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:: July 2013 ::

July is the peak month for grill fires.

There's nothing like outdoor grilling. It's one of the most popular ways to cook food. But, a grill placed too close to anything that can burn is a fire hazard. They can be very hot, causing burn injuries. Follow these simple tips and you will be on the way to safe grilling.

Safety tips

*Propane and charcoal BBQ grills should only be used outdoors.
*The grill should be placed well away from the home, deck railings and out from under eaves and overhanging branches.
*Keep children and pets away from the grill area.
*Keep your grill clean by removing grease or fat buildup from the grills and in trays below the grill.
*Never leave your grill unattended.

Charcoal grills

*There are several ways to get the charcoal ready to use. Charcoal chimney starters allow you to start the charcoal using newspaper as a fuel.
*If you use a starter fluid, use only charcoal starter fluid. Never add charcoal fluid or any other flammable liquids to the fire.
*Keep charcoal fluid out of the reach of children and away from heat sources.
*There are also electric charcoal starters, which do not use fire. Be sure to use an extension cord for outdoor use.
*When you are finished grilling, let the coals completely cool before disposing in a metal container.

Propane grills

Check the gas tank hose for leaks before using it for the first time each year. Apply a light soap and water solution to the hose. A propane leak will release bubbles. If your grill has a gas leak, by smell or the soapy bubble test, and there is no flame, turn off the gas tank and grill. If the leak stops, get the grill serviced by a professional before using it again. If the leak does not stop, call the fire department. If you smell gas while cooking, immediately get away from the grill and call the fire department. Do not move the grill.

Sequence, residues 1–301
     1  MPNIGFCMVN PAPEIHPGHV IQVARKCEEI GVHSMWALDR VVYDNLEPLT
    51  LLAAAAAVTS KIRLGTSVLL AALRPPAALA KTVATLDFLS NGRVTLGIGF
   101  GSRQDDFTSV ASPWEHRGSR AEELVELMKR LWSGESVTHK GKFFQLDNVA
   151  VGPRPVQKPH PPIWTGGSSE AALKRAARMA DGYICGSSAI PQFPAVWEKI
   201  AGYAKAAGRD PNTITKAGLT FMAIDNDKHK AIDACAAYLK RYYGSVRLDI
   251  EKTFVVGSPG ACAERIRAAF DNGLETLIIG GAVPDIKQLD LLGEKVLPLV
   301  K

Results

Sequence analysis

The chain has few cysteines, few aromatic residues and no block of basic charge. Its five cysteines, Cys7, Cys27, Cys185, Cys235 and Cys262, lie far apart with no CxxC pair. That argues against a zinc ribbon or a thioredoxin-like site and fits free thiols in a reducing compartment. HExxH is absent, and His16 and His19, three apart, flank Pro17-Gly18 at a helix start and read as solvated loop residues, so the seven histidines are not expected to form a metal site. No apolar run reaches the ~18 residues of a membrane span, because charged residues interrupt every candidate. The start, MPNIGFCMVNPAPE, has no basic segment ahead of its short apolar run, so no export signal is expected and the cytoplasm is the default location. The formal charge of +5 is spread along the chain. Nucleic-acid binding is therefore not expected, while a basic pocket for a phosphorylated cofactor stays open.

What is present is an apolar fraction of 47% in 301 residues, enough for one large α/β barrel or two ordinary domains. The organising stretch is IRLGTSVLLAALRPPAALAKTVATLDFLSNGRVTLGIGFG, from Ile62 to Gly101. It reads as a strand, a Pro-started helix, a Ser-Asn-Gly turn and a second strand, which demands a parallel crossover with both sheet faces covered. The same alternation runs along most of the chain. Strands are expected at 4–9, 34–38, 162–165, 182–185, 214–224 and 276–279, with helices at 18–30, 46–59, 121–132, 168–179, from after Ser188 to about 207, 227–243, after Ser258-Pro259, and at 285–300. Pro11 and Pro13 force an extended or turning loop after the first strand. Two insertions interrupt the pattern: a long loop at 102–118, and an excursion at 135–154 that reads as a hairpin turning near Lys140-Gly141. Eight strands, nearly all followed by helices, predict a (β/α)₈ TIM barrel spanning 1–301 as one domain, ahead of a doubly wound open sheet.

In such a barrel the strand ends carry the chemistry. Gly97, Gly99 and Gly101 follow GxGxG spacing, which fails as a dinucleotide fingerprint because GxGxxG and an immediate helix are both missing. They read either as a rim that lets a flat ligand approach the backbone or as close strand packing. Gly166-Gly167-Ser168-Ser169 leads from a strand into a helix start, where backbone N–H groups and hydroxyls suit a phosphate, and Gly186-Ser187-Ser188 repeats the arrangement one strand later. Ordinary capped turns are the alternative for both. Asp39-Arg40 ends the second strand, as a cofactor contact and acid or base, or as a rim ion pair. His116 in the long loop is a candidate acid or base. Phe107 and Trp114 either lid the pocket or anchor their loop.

From LAPD Van Nuys


:: April 2013 ::

Exterior Replacement Projects Provide Biggest Return on Investment for Homeowners

Homeowners looking for the most return on their investment when it comes to remodeling should consider exterior replacement projects. According to the 2013 Remodeling Cost vs. Value Report, REALTORS® rated exterior projects among the most valuable home improvement projects.

"REALTORS® know that curb appeal projects offer great bang for your buck, because a home's exterior is the first thing potential buyers see," says National Association of REALTORS® President Gary Thomas. "Projects such as siding, window and door replacements can recoup more than 70 percent of their cost at resale. REALTORS® know what home features are important to buyers in your area and can provide helpful insights when considering remodeling projects."